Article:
paper-svg-1We all know the saying that the picture is worth a thousand words, but so is the short movie, screenshot, console log or any other thing that can help to decide about the bugs’ future. So if it is possible – add an attachment that shows what happened and what you are reporting. Depending on the bug reporting system you may either store it as a normal attachment to the report or give a link to the picture/log/movie that is hosted in some shared space.

There is one more thing I always add to my bug reports: information about Priority.
I did not put it on the list because in some teams Priority is given to the bug by Product Owner or Project Manager or Test Manager or Test Analyst, not the tester who found it.


Assigning the right priority to the bug requires experience and project knowledge, because you have to take into consideration, among others :

  • bug itself,
  • how it affects the part of the system where it was found,
  • how it affects User Experience (usability),
  • how is it connected to project and product risks.

Priority given to a bug would also inform the decision makers (ex. team during planning) where in their task priority list should it land.

The priorities I mostly use are (from bottom to top) are: Trivial, Minor, Major, Critical, Blocker. Some people also just use 1-5 scale, although some see 1 as the highest priority and some see 5 as such, so always remember to check the used leveling.


Remember what is the most important thing in the bug report: its’ purpose. We want to do it well, because what we need is to communicate efficiently, create common ground for the team collaboration and provide information for the decision makers.

Any thoughts? 🙂




One thought on “BuggyLand

  1. Thanks Marta for sharing this on Twitter. Here are my points: (Not in any particular order)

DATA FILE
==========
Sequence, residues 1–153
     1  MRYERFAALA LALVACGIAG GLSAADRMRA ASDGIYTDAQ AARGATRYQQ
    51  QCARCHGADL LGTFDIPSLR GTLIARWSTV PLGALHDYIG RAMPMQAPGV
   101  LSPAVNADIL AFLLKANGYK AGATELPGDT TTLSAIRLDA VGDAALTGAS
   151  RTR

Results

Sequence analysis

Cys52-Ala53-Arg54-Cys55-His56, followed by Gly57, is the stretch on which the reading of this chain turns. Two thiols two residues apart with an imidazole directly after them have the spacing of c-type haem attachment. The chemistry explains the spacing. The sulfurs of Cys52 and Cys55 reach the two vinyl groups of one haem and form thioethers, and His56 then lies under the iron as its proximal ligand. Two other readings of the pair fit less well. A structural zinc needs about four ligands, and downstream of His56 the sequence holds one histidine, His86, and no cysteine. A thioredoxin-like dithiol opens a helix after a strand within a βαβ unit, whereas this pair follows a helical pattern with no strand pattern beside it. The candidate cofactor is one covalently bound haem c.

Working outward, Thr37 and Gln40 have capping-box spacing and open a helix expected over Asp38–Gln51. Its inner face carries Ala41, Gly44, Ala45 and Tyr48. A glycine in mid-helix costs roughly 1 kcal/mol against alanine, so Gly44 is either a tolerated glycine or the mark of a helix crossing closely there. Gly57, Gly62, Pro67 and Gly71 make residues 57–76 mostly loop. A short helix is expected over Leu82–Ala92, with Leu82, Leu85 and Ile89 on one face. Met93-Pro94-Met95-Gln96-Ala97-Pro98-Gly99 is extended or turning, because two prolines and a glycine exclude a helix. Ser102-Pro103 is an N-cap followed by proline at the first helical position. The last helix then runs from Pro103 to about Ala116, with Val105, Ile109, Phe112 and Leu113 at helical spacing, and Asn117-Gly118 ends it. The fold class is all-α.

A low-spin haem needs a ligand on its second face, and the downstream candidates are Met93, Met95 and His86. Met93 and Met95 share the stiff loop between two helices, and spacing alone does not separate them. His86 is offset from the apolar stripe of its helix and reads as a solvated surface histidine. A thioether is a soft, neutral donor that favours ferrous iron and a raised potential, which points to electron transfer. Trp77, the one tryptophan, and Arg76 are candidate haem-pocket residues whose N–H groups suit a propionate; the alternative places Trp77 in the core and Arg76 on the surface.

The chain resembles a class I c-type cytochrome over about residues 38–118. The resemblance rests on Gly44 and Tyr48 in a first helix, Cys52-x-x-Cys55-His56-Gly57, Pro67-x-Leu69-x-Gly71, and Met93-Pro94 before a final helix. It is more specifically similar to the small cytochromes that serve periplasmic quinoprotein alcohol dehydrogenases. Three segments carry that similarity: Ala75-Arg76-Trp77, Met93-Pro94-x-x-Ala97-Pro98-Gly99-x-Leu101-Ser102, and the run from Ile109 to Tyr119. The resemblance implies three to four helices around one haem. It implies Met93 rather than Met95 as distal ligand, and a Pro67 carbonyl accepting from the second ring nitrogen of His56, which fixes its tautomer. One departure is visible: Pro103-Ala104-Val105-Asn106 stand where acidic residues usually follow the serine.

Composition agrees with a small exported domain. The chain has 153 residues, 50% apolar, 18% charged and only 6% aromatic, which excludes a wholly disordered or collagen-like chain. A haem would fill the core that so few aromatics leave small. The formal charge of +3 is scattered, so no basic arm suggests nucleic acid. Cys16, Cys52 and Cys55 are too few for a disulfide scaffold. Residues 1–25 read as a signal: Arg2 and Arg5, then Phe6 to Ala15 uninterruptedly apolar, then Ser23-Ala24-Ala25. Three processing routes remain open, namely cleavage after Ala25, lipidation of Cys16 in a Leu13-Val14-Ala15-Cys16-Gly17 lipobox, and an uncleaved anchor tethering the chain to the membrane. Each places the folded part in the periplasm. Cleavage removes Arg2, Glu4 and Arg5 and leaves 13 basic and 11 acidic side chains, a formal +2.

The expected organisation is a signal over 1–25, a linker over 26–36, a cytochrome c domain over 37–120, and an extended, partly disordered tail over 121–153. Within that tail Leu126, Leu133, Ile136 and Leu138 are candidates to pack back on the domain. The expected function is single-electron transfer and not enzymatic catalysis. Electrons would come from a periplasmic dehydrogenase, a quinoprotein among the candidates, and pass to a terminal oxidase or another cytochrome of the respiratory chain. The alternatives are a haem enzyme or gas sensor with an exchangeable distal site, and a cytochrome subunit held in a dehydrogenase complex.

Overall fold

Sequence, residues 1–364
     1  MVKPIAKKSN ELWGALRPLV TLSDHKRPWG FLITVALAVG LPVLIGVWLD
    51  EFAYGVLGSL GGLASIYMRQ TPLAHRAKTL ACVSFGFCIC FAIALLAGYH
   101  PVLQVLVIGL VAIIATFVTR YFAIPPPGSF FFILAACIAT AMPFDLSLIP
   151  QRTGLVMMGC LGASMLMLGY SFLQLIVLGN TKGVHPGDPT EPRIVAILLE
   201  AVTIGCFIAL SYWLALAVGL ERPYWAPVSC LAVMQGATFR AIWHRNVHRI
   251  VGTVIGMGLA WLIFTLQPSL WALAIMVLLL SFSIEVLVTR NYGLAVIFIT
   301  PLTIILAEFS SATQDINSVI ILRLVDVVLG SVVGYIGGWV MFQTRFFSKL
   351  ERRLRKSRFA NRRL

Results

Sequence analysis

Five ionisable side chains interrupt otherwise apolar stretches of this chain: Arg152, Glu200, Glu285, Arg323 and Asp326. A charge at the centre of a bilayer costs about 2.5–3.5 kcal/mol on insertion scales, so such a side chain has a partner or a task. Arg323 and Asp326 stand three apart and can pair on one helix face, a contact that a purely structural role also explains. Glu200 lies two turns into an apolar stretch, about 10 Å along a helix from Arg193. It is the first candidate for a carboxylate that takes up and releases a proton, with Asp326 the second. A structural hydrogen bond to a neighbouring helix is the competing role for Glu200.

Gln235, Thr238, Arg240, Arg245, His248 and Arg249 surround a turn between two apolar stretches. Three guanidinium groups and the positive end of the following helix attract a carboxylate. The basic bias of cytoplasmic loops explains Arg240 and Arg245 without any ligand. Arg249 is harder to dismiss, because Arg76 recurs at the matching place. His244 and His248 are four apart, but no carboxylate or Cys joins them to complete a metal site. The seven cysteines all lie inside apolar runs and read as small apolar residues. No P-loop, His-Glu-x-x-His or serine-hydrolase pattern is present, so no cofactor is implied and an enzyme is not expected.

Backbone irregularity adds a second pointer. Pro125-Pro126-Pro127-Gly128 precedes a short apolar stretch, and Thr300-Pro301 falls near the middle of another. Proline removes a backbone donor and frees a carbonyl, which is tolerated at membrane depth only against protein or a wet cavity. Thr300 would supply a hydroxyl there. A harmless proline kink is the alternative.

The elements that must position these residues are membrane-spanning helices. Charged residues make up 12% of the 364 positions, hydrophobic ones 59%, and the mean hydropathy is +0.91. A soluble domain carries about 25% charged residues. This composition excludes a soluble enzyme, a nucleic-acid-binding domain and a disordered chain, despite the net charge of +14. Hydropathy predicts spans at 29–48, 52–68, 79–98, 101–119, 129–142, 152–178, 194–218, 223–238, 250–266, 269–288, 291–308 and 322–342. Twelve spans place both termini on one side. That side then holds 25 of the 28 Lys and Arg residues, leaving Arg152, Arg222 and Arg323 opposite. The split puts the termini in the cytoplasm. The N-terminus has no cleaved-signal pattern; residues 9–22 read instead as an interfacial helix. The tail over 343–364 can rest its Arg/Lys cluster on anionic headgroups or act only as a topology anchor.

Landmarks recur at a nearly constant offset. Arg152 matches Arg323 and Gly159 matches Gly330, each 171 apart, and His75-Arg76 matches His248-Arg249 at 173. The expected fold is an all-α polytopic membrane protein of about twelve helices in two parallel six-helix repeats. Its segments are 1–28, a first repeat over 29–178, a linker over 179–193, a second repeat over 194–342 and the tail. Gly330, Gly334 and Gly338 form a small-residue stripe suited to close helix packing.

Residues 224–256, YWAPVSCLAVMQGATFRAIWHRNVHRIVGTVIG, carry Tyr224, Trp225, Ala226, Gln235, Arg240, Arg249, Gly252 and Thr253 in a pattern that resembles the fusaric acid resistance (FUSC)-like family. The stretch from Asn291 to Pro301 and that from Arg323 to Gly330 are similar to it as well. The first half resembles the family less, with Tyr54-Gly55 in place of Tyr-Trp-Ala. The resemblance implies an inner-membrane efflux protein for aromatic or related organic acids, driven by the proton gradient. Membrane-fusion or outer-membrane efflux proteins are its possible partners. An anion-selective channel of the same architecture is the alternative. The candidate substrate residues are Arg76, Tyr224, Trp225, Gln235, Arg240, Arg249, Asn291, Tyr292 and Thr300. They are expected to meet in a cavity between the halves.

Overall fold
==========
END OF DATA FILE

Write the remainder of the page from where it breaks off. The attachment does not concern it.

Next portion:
1. Every bug report is context based and understanding the context helps the team to work together in a better way and be productive.
    2. Instead of saying, “Expected” Result, I love to say, “Possible” Result(s). If I say, “Expected” Result, I need to back up my statement with empirical data or the source from which I derived “Expected” Result. Or maybe I am sounding like, “Hey, this is MY expected result”.
    3. I would like to speak about “Possible Results” if I don’t have any source from where I am quoting my “Expected” Result. And also, I would like to end my “Possible Results” description with a question, “What do you think?”. This way I am making the readers think instead of blindly changing things which may go wrong. I have a personal experience where developers blindly changed things to “Expected Results” of my “Bug Report” and then “Stakeholders” / “Product Owner” / “Business Analysts” flagged the “So-called Fix” as a “Bug”. That was a learning moment in my journey as a passionate tester to set the context and keep the communication clear and clear the terminologies and see if people on the team are aware of what we mean when we say “something”.
    4. Also, “Actual Result” is reworded as “What it appears to be or looks like” in some contexts of the bug that we find. I use both ways 🙂
    5. I see that you use, “Trivial, Minor, Major, Critical, Blocker” keywords in your report. I use them too, but I make sure the readers understand what I mean when I use these. Am I weighing a particular severity keyword in terms of “Business Impact, “Technical Impact”, “Reputation Damage”, “Loss of Respect (Brand Image)”, “Loss of Data”, “Inconsistencies” and etc?
    6. My bug reports keep changing on every new project or even in the same project at different times based on various types of “Contexts” that the project may demand in order to succeed with our objectives.

    Last, but not least I liked the way you are speaking about Risks, Context, Helping Decision Makers (Stakeholders probably) and Attachments.

    A quote in the end, “If your bug reports cannot communicate the bug, then there is a bug in your bug report that needs the fix”.